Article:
The bootcamp was fully funded by all eight participating universities, and so was free for the students and graduates who took part. Participants attended six weekly two-hour workshops which covered a range of themes: develop the right mindset to run a business; finding customers; market products and services; setting goals through increased self-awareness; build and develop a team; making connections to gain advice and investment.

The UNpreneur bootcamp was conceived in response to the challenging job market* resulting from the Coronavirus pandemic. It allowed new graduates to explore the alternative career path of self-employment.

Following the success of the pilot project, UNpreneur and lead partner Sheffield Hallam University are already planning an expansion of the bootcamp for 2022, to include more universities and in person delivery.

Kallum Russell, Chief UNpreneurship Officer, co-founded the Dundee based business in 2017 to provide the entrepreneurial support he wished he’d received when he launched his own businesses after graduation.

Kallum is a multi-award-winning businesses owner and was included in the prestigious Sunday Times Maserati 100 List, which recognises innovators in the business world. He is also the host of a weekly YouTube show: Student Enterprise TV, powered by UNpreneur: https://www.unpreneur.com/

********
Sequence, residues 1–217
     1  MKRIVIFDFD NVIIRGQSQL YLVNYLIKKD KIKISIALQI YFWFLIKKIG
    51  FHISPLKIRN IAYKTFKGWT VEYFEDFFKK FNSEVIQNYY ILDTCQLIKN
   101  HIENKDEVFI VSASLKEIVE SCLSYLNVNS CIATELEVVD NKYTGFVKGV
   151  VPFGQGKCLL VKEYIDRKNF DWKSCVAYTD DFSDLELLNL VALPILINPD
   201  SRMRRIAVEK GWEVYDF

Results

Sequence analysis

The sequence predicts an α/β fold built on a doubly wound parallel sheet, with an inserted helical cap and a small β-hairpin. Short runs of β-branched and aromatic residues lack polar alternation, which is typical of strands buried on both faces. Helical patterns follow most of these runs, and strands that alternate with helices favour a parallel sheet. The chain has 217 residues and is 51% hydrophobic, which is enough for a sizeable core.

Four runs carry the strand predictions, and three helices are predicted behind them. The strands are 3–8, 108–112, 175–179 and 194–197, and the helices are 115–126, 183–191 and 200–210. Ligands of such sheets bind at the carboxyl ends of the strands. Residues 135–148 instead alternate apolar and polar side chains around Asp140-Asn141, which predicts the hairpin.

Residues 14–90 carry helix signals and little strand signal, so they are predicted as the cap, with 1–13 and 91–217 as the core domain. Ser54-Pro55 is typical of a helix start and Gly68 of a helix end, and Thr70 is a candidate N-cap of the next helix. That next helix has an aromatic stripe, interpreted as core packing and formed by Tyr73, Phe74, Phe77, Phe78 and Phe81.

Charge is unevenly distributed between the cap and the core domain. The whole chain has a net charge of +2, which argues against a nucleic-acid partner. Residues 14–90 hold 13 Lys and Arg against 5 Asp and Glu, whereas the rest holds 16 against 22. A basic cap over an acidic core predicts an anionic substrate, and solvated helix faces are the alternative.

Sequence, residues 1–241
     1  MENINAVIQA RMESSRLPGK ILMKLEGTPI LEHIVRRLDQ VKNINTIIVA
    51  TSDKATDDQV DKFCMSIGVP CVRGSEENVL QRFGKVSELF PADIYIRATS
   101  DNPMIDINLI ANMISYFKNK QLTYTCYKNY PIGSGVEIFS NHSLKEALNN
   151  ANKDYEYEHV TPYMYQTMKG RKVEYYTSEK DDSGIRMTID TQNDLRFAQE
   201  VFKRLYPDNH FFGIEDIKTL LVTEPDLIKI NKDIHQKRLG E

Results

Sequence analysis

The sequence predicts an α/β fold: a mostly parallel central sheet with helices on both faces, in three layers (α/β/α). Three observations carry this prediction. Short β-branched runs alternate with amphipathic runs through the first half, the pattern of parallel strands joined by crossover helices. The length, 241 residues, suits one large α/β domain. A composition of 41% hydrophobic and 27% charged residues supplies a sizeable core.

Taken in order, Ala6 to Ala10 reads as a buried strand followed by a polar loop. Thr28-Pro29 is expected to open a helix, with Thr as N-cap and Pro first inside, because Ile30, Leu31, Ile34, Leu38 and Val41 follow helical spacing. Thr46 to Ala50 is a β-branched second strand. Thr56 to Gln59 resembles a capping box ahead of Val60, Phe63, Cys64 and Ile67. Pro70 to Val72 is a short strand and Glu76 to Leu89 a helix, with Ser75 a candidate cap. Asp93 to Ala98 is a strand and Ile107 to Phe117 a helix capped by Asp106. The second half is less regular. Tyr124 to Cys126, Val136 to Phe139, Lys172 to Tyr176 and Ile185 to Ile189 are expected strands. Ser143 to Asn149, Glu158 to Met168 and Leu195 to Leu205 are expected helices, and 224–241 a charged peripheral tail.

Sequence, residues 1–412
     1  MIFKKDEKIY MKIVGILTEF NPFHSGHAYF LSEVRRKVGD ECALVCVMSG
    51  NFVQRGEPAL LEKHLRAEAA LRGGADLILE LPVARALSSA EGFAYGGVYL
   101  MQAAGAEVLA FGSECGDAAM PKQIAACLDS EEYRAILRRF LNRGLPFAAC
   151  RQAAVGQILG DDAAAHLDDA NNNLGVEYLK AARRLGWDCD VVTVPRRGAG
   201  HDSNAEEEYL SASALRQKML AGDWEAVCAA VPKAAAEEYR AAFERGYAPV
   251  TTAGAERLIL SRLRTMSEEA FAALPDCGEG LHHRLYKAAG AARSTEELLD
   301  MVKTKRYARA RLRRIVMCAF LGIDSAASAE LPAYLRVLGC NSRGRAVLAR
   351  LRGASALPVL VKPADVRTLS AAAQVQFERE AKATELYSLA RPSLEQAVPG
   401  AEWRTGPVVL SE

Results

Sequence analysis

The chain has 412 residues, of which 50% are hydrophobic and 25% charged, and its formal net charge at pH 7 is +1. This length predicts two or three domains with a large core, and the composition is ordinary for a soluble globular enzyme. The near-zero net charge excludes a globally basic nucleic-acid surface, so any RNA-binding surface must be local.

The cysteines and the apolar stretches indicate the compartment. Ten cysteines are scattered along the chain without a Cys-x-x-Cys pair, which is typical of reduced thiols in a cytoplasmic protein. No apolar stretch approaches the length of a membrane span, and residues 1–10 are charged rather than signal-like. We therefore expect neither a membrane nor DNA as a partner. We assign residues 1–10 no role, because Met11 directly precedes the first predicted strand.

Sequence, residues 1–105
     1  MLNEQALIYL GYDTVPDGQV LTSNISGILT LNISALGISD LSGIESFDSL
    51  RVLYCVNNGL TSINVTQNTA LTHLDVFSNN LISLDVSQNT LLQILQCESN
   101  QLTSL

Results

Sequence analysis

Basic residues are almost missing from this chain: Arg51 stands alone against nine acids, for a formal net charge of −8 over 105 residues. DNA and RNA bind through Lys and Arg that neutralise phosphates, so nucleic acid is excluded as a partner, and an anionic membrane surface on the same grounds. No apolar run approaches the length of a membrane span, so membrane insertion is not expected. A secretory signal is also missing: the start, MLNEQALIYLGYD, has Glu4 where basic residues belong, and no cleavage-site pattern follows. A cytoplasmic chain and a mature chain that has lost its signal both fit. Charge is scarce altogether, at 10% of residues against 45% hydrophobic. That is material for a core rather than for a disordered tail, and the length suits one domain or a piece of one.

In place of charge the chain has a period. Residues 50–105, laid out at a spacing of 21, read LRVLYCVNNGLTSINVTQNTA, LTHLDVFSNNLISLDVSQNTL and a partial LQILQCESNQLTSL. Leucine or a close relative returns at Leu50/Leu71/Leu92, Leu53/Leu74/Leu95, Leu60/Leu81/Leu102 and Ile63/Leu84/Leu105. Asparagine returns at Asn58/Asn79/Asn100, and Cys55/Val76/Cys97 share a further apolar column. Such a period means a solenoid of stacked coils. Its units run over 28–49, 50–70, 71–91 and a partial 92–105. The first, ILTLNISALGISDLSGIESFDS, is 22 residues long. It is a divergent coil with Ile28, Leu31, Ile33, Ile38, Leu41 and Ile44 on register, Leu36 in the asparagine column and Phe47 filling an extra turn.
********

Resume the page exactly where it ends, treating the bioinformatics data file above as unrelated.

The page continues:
He said: “The damage that the coronavirus restrictions have done to our economy means that it’s harder than ever for graduates to find employment.

“We know from previous experience that bringing together participants from a range of backgrounds and regions can help support and accelerate their business journey through shared learnings and collaboration.

“As we build back better following the coronavirus pandemic, we need young companies with innovative ideas, who will create the jobs and wealth that we need to rebuild our economy.

“We want to share the learnings we’ve built up over several years of running business incubators and enterprise training in universities, to help budding business owners learn the skills they need. These tricks of the trade can turn a good idea into a viable and thriving company.”

Darren Chouings, Business Incubation Manager from the lead institution partner, Sheffield Hallam University, commented, “We want to send out a clear message to students and graduates that setting up their own businesses is a feasible and exciting option.

“Together with the team at UNpreneur, who are leaders in student enterprise, we brought together seven other universities across the UK to give students and recent graduates the skills and confidence they need to launch or grow their own companies.

“If you’ve got a great idea for a business and you get the right support then being your own boss is hugely rewarding and a valid alternative to a traditional graduate job. The workshops helped students and graduates develop the confidence and gain the skills needed to launch or grow a business venture.”

* A bad time to graduate: April 2020 Institute of Fiscal Studies